Exopolitics: Polis – Ethnos – Cosmos. Classical Theories and Praxis of Foreign Affairs
This book presents, analyses and explains the ideals and actions of ancient Greeks regarding their external affairs or Exopolitics, thereby integrating classical Political Philosophy and modern International Relations Theory.
It is the thesis of this monograph that despite the very little thought apparently given by Greek philosophers to exopolitics, students of international relations can still benefit by the content of distilled ideas of great thinkers in the context of their changing historical environment. The political tragedy of Greece was the entropic conflict among the city-states, the national culture and the barbarian world. The question for us is if we can do better!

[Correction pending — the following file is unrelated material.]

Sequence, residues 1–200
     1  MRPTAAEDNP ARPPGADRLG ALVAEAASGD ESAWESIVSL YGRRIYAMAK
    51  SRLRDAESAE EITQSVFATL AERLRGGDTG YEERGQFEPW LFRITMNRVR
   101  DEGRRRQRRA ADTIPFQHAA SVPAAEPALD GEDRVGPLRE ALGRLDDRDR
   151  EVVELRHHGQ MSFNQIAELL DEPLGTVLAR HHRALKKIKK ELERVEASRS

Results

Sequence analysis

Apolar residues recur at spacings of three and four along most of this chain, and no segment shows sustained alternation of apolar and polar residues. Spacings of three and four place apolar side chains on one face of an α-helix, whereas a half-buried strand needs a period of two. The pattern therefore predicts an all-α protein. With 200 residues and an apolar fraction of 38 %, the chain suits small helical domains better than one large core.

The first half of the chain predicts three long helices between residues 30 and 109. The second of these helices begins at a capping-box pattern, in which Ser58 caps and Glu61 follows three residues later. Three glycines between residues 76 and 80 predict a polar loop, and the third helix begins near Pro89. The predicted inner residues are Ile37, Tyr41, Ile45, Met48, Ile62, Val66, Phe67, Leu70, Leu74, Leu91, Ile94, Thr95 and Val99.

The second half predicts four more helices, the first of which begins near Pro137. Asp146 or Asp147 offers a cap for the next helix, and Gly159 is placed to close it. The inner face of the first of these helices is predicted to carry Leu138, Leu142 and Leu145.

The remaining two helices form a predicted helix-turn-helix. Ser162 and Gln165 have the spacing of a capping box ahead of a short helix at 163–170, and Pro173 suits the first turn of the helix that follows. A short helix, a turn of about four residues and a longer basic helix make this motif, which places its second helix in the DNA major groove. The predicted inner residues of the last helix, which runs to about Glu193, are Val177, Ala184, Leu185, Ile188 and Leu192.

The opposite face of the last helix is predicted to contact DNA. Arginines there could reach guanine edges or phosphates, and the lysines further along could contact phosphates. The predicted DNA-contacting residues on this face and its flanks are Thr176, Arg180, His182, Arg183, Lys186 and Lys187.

Even a modicum of the timeless ethical and empirical speculations of ancient philosophers can serve contemporary students of World Affairs in their research for global standards and general principles.
The methodology followed here combines thematic, topical and chronological discussion and interaction.
The organization of the 280 pages book is divided into three sections: Genealogical, Ideographic, and Philosophical, each of which is divided into two parts of three Chapters each, for a total of 18 Chapters, as follows.
Table of Contents
Table of Contents
2. Theoretical Model
3. Political Genesis
4. International Relations
5. Intranational Affairs
6. National Entropy
III-THE PLATOCIC ERA (400-350)
7. Enter Plato
8. Platonic Reforms
9. Plato’s Failure
IV-THE ARISTOTELIAN ERA (350-300)
10. The Rise of Macedon
11. Aristotelian Politics
12. Polis & Cosmopolis
13. Political Constitution
15. Foreign Policy
16. World Order Model
17. Historical Dialectics
Classical Authors & Authorities
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